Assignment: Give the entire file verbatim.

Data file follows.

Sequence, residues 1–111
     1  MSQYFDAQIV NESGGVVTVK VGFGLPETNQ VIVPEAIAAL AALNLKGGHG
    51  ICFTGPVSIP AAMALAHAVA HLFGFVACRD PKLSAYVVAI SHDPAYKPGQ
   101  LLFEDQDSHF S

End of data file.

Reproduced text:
Sequence, residues 1–111
     1  MSQYFDAQIV NESGGVVTVK VGFGLPETNQ VIVPEAIAAL AALNLKGGHG
    51  ICFTGPVSIP AAMALAHAVA HLFGFVACRD PKLSAYVVAI SHDPAYKPGQ
   101  LLFEDQDSHF S